The International Council of Marine Industry Associations (ICOMIA) are advising boat builders and engine manufacturers to check their national trade and distribution channels before interpreting the phrasing within the new Recreational Craft Directive (RCD) relating to engines and components placed on the market that are certified to the old RCD.
The Irish Marine Federation is a member of ICOMIA's International Council.
On 18 January 2017, after a year long transitional period where both old and new Directives have been applicable, the new RCD (2013/53/EU) concerning recreational craft and personal watercraft will become fully applicable meaning marine engines, components and craft certified according to the old RCD (94/25/EC as amended by 2003/44/EC) may no longer be placed on the European market.
After consultation with their members, ICOMIA and IMEC were made aware that boat builders and engine manufacturers were unclear about what the term ‘placed on the market’ exactly meant, and whether watercraft, marine engines and components that were in compliance with the old RCD and ‘placed on the market’ before 18 January would comply with the new RCD after that date.
This issue is addressed within Article 55 of the new RCD, which deals with the transitional period, stating that ‘Member States shall not impede the making available on the market or the putting into service of products covered by Directive 94/25/EC which are in conformity with that Directive and which were placed on the market or put into service before 18 January 2017.’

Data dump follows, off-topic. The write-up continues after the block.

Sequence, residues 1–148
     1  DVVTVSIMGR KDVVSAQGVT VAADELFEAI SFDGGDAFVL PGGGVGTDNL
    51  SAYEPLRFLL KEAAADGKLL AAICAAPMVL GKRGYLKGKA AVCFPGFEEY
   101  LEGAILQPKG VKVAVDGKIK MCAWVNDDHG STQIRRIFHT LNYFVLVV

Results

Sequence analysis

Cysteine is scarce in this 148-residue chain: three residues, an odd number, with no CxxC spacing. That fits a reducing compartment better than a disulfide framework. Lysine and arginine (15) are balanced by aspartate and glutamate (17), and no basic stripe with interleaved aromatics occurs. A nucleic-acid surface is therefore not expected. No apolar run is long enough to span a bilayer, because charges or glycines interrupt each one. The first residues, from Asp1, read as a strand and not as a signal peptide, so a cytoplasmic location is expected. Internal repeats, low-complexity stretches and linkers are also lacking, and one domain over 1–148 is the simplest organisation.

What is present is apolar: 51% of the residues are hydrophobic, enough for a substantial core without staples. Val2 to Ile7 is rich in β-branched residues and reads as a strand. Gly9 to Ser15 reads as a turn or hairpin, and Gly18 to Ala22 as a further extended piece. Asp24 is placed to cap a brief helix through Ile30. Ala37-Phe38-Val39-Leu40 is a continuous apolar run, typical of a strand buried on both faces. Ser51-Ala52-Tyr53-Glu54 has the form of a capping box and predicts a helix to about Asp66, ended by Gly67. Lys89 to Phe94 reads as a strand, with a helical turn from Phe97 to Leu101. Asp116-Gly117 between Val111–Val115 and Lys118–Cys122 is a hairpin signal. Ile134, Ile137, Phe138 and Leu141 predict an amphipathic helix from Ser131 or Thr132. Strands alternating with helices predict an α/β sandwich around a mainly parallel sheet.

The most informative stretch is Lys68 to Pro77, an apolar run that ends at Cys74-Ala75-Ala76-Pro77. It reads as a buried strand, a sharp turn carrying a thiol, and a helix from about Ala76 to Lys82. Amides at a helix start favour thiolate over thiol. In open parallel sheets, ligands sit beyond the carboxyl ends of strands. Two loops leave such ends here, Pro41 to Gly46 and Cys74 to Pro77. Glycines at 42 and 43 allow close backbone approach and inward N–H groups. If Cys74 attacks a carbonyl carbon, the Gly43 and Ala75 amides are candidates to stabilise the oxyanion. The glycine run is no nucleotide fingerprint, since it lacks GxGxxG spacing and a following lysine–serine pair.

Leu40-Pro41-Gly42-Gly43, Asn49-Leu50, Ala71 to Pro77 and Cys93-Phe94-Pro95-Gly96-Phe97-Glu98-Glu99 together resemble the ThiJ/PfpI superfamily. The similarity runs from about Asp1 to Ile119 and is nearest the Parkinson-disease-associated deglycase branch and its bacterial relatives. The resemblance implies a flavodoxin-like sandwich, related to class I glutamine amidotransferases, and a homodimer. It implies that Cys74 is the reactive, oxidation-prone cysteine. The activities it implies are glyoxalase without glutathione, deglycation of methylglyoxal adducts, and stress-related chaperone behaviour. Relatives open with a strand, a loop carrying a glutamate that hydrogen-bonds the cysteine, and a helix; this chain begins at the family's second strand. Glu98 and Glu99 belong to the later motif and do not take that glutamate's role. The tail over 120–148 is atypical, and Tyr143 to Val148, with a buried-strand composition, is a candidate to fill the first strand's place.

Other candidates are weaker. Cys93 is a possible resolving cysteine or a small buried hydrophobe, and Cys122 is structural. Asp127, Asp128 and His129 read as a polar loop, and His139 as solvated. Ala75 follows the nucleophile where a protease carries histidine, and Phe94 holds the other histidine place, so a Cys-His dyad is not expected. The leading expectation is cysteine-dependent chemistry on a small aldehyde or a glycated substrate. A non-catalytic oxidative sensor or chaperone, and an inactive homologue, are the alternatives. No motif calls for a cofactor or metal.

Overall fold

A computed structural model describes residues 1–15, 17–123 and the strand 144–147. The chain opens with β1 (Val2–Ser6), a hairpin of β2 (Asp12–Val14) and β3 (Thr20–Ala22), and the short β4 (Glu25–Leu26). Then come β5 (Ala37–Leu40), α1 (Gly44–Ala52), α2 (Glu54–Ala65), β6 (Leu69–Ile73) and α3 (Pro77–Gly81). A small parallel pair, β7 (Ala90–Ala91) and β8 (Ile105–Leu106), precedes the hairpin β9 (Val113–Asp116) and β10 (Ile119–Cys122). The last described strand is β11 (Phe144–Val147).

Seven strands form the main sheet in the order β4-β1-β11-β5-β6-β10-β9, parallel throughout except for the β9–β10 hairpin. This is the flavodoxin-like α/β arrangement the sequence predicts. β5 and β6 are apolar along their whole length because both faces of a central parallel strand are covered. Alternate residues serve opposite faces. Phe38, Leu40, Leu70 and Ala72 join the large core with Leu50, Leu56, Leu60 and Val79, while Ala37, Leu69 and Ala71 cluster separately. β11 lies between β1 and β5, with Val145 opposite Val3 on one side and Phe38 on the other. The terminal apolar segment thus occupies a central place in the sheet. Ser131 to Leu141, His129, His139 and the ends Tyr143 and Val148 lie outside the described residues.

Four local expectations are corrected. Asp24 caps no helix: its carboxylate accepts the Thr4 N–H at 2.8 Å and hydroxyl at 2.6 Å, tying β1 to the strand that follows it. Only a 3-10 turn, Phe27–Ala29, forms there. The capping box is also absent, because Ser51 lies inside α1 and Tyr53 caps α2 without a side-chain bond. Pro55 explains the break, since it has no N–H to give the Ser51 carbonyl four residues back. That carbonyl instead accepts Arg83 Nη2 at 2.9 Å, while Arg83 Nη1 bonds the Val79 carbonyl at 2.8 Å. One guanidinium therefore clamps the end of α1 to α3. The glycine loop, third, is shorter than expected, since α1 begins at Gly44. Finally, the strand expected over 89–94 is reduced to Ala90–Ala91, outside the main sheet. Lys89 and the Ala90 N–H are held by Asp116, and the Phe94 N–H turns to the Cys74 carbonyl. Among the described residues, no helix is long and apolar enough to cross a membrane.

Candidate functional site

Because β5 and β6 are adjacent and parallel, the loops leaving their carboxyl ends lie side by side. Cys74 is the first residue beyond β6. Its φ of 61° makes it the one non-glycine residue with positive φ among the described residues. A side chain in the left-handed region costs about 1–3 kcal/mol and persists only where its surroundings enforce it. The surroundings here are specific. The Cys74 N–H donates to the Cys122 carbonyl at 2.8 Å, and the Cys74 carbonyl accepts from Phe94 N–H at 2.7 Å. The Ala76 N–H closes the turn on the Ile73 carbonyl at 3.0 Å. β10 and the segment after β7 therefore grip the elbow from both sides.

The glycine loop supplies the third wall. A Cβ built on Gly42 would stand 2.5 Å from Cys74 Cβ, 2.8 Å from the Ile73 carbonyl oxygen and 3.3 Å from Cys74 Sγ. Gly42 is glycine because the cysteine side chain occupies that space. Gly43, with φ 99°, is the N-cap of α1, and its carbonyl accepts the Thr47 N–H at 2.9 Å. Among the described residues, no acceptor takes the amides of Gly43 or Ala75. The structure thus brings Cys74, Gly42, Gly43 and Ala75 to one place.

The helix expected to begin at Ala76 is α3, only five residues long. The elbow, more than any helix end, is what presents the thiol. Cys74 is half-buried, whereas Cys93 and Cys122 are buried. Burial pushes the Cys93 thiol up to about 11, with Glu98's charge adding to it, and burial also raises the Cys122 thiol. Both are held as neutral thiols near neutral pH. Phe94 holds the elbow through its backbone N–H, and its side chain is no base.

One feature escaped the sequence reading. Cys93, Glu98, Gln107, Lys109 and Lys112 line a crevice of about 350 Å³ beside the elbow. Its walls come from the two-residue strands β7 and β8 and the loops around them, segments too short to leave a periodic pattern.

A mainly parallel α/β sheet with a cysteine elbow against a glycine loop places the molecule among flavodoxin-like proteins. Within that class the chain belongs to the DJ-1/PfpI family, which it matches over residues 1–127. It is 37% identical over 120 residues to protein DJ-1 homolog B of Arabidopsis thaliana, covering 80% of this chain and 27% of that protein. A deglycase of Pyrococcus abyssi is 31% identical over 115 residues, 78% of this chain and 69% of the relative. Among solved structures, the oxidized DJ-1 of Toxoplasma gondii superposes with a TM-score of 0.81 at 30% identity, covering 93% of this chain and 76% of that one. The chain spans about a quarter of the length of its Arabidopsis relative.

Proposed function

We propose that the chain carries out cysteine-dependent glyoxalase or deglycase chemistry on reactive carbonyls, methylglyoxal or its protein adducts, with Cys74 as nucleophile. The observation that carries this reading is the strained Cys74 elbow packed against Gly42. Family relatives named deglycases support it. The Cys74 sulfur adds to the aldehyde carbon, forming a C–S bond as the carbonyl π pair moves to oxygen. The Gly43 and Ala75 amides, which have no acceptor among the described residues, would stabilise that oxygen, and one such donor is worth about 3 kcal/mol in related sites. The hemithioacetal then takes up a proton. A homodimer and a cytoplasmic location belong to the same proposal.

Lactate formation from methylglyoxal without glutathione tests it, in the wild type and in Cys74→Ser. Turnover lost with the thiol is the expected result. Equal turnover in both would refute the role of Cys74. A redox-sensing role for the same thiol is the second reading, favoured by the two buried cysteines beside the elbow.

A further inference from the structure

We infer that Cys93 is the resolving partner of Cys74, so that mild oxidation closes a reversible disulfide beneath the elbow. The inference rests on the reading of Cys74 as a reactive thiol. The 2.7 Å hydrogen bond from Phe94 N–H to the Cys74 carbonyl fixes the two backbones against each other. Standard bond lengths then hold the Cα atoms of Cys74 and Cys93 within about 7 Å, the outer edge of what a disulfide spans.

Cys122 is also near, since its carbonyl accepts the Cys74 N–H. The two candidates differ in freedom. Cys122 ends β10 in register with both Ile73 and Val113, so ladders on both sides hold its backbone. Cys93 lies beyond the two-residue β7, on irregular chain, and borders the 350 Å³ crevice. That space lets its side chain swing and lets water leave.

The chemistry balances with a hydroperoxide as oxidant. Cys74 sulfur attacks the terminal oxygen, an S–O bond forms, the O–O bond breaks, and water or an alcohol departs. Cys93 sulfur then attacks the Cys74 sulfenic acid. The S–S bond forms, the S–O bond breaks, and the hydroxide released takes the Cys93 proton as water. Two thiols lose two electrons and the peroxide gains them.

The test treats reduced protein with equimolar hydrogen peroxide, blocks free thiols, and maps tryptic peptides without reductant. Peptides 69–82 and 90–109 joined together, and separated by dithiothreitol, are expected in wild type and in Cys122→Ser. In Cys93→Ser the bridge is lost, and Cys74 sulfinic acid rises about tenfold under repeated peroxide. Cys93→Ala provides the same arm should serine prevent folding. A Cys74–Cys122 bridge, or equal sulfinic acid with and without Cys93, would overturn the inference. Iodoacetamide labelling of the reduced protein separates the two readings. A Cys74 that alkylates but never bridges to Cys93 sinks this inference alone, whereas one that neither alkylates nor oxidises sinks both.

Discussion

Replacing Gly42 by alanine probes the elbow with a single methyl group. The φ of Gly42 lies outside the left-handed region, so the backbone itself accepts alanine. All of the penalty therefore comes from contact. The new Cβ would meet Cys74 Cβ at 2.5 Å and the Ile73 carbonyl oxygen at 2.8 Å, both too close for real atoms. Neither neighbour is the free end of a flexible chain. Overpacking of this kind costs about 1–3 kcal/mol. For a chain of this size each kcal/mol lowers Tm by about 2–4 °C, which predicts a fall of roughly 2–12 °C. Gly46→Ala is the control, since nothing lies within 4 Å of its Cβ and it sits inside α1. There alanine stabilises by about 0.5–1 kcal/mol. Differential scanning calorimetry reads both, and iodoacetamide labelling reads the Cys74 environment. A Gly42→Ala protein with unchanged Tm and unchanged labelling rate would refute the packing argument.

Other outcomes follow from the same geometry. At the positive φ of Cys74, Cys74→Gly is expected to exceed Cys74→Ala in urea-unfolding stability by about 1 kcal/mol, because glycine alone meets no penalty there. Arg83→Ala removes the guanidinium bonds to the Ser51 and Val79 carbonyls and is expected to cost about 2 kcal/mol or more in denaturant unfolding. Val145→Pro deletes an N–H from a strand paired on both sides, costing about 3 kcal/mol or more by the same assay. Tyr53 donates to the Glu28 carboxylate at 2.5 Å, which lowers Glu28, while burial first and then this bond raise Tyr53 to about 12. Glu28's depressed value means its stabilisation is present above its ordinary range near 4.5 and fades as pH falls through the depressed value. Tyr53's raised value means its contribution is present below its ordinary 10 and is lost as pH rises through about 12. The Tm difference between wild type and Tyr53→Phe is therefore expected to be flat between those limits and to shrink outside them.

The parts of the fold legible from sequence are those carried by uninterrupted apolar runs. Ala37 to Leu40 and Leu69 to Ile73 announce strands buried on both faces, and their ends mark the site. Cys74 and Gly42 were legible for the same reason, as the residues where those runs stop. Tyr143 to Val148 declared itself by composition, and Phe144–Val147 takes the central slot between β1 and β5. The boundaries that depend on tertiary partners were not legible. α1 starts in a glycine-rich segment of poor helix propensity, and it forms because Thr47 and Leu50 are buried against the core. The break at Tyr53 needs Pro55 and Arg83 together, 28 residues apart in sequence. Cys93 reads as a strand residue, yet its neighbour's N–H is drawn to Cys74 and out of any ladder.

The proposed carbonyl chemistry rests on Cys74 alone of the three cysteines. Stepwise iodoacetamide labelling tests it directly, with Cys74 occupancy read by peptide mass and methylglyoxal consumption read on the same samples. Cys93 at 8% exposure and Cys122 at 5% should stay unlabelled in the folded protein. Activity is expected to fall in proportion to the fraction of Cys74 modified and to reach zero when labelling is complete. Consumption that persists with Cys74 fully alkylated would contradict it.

This means watercraft built to be certified and placed on the market under the new RCD may be fitted with:
• Engines and components certified to the old RCD placed on the market before 18 January 2017
• Engines and components certified according to new RCD • Any combination of the two The European Commission and Market Surveillance Authorities have confirmed the Article 55 guidance is clear.
Nevertheless, ICOMIA is aware that available interpretation may disregard all facets of product import and distribution and that many boat builders are unclear on how to interpret Article 55. “The key message is not to make any assumptions about what ‘placed on the market’ implies” explains Patrick Hemp, ICOMIA Technical Consultant. “Should a manufacturer have any product still in stock that may be deemed not placed on the market, it is important to engage with the EU Member States likely to be involved in trade and customs and clarify the processes as early as possible before 18 January 2017”.
For more help understanding and complying with the RCD, ICOMIA and European Boating Industry have released a revised version of their invaluable ‘Guide to the new RCD’ which is available as an Apple or Android app or pdf file. The Guide covers, in detailed chapters, full information on the new legal framework, the main changes in the essential safety and environmental requirements, the conformity assessment procedures for certification and CE-marking as well as special cases.